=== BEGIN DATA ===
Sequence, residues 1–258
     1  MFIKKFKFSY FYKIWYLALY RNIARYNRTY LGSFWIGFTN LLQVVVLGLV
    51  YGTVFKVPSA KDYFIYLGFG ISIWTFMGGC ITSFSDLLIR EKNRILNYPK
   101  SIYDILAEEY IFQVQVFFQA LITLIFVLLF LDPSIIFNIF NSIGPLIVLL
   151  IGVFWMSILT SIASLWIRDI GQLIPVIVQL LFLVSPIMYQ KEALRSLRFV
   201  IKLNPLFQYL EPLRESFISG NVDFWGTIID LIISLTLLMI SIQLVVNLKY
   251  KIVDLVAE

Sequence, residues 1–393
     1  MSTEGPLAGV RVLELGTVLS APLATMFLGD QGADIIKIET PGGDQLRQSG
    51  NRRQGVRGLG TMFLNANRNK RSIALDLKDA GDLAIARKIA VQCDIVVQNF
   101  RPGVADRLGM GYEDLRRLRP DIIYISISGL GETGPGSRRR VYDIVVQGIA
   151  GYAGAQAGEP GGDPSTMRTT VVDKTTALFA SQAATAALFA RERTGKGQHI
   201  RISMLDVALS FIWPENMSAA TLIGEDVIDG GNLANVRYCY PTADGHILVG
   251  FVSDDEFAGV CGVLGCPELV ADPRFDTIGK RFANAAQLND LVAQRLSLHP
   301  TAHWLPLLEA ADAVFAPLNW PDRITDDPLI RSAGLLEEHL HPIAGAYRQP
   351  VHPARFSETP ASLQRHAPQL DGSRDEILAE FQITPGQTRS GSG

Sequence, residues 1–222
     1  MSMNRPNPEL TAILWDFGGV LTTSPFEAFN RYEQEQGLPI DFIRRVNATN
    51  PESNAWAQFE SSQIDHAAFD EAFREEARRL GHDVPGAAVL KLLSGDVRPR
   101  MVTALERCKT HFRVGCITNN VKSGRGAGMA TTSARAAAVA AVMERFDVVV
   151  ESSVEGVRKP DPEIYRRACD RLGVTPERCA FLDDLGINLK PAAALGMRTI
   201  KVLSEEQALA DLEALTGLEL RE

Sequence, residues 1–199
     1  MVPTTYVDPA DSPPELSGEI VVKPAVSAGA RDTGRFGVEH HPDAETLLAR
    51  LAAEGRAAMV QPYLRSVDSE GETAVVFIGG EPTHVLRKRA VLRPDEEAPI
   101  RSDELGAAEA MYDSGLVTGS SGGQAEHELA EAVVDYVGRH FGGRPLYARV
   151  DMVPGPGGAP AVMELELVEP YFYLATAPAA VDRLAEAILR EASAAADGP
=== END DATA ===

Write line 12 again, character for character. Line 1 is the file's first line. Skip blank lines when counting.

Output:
   151  GYAGAQAGEP GGDPSTMRTT VVDKTTALFA SQAATAALFA RERTGKGQHI